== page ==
A free market solution for women’s health care

Marc Hyden is Director of State Affairs at the R Street Institute. You can follow him on Twitter at @marc_hyden.

Unless you’ve been living under a rock, you probably know that women’s health and reproductive rights have dominated national debates. While always important issues, the US Supreme Court’s recent decision to overthrow Roe. v. Wade has ensured that they will continue to be the focus of political campaigns for years to come.

Time will tell how the debates, particularly about abortion, will eventually be resolved, but there are some small concrete steps state and federal governments can take to ease the health care burden on women. It begins with the assumption of freer markets, and there may be hope on the horizon as states remove barriers to birth control and the Food and Drug Administration (FDA) considers making some hormonal contraceptives available over-the-counter.

If women in Georgia want contraception, they must see a doctor, undergo a blood pressure test, and self-report their medical history to check for possible contraindications. Once they jump through these hoops, a doctor can issue them a prescription for contraception, which a pharmacist will eventually fill out, but there are obvious problems with this model.

Visits to the doctor can be expensive, and doctors — especially obstetricians and gynecologists (OB-GYNs) — aren’t always easily accessible, especially in rural Georgia. In fact, the peach state has one of the worst doctor-to-patient ratios in the country, and as of 2018, nine counties didn’t have a single doctor and about half of Georgia’s counties didn’t have a gynecologist. This puts basic medical care beyond the reach of many Georgians, and the results are as predictable as they are disappointing.

About 60 percent of Georgia’s pregnancies are unplanned — well above the national average — and taxpayers foot the bill for about 80 percent of those pregnancies. In 2010, it cost the state of Georgia approximately $230 million and the federal government over $680 million. More than a decade later, thanks to Georgia’s explosive growth and inflation, those costs have almost certainly increased.

In recent years, the states of Georgia’s current birth control access model have increasingly rejected it. To date, 24 states, including Tennessee, North Carolina, South Carolina, and Arkansas, allow pharmacists to directly prescribe contraceptives to women, and why not? Pharmacists are able to perform the same tests to check for contraindications and they can do so effectively and safely.

Despite this, the Georgia legislature has resisted this policy, even though expanded access to contraceptives is badly needed. It would make health care more accessible and affordable for women and likely reduce the taxpayer’s burden of unplanned pregnancies. It’s unclear whether the US Supreme Court decision regarding Roe will spur action in the Georgia General Assembly, but there is cause for very cautious optimism considering the federal government could improve the situation.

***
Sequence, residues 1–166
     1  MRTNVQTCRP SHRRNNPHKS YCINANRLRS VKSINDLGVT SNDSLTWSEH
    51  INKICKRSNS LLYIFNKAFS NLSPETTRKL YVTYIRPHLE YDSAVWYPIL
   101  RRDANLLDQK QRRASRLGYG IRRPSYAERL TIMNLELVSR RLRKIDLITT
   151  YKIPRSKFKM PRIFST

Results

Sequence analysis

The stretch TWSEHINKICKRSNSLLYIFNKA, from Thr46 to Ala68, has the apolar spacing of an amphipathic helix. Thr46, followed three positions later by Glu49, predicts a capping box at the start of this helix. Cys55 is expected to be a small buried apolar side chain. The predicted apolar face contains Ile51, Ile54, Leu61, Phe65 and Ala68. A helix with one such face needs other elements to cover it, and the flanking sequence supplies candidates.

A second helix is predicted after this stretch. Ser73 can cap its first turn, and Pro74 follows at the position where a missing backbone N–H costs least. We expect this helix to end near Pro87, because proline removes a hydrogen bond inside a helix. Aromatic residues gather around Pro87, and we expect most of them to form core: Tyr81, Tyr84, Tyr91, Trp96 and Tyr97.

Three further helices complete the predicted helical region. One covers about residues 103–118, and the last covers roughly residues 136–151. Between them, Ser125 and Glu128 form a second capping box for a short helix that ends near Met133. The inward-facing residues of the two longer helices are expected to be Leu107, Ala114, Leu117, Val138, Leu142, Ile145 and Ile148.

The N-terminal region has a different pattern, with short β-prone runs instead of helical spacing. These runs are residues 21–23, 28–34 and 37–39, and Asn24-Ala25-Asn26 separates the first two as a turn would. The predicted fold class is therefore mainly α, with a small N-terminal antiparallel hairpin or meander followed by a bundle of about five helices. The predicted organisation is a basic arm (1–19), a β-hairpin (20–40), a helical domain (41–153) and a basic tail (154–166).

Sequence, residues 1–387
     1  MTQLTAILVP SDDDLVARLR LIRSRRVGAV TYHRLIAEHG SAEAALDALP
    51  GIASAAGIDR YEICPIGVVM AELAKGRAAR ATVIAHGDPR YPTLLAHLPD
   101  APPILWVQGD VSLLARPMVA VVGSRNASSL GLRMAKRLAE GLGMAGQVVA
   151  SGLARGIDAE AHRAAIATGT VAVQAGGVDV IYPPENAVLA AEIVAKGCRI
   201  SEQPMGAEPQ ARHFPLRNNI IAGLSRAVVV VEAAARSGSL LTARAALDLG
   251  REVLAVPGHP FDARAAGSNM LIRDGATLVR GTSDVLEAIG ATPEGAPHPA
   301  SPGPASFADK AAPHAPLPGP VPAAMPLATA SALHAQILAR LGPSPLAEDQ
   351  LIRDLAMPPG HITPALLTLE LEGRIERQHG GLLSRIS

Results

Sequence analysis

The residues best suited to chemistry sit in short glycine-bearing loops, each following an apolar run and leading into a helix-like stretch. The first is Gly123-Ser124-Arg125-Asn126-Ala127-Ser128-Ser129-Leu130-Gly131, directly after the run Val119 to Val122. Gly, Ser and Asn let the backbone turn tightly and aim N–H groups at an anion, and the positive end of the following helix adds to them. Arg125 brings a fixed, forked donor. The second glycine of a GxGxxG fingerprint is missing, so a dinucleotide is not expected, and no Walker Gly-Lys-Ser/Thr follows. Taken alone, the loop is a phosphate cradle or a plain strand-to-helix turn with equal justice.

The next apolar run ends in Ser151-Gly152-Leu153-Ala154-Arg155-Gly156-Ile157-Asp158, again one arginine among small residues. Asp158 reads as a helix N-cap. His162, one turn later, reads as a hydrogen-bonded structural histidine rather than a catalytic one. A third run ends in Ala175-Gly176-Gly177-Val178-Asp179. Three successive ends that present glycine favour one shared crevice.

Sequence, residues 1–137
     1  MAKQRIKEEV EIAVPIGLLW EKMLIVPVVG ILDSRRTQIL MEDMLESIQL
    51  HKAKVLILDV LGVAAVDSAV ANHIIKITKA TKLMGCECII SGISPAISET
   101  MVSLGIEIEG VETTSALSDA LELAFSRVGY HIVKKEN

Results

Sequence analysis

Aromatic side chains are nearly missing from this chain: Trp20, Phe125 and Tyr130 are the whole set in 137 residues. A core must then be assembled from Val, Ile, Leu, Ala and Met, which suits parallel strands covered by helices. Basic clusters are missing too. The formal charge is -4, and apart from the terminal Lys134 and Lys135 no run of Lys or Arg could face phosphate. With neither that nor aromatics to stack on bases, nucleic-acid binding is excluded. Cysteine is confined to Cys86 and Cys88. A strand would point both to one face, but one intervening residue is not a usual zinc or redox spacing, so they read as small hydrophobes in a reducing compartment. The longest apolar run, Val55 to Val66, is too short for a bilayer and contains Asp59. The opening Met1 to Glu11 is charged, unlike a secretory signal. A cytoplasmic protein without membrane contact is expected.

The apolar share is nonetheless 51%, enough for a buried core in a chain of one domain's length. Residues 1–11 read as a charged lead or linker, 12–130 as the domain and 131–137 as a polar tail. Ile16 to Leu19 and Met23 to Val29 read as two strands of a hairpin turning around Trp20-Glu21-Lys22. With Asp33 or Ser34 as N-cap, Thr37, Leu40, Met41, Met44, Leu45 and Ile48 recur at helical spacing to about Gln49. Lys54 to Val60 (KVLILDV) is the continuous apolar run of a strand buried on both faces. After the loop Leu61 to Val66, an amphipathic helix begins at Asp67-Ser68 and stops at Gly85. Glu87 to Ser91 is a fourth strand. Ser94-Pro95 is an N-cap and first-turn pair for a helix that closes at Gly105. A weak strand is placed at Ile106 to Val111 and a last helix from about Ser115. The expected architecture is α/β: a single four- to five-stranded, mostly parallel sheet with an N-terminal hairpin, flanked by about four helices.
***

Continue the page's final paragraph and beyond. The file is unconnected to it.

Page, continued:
While states have the power to enact the pharmacy access contraceptive paradigm, only the federal government can make over-the-counter hormonal contraceptives available, which could become a reality. “The Food and Drug Administration has received its first application for an over-the-counter birth control pill,” writes the New York Times. HRA Pharma claimed the honor of filing the very first application, but its timing has nothing to do with the Roe decision. It was “a really sad coincidence,” said a spokesman for HRA Pharma.

Still, other companies want to join them. Cadence Health, for example, is in talks with the FDA and hopes to file an application later this year to be licensed to sell its hormonal birth control pills without requiring doctor or pharmacy approval.

If the FDA agrees to these requests, it would put the United States in line with much of the world. Currently, about 100 countries allow women to buy contraceptives over the counter, but without political pressure, don’t expect the FDA to act quickly. Their approval process takes about 12 years on average. However, as we saw with COVID-19 vaccines, policymakers can speed up the painfully slow process.

While I have no doubt experts will debate whether contraception should be available over the counter or in pharmacies, a few things seem absolutely certain: Expanding access to hormonal birth control is absolutely essential, and we already know a lot about birth control Make decisions. After all, the pill was first introduced when Harry Truman was President, but many decades later, Georgia politicians still keep it out of reach for many women, leaving ordinary Georgians to grapple with the aftermath.

Marc Hyden is Director of State Affairs at the R Street Institute. You can follow him on Twitter at @marc_hyden.

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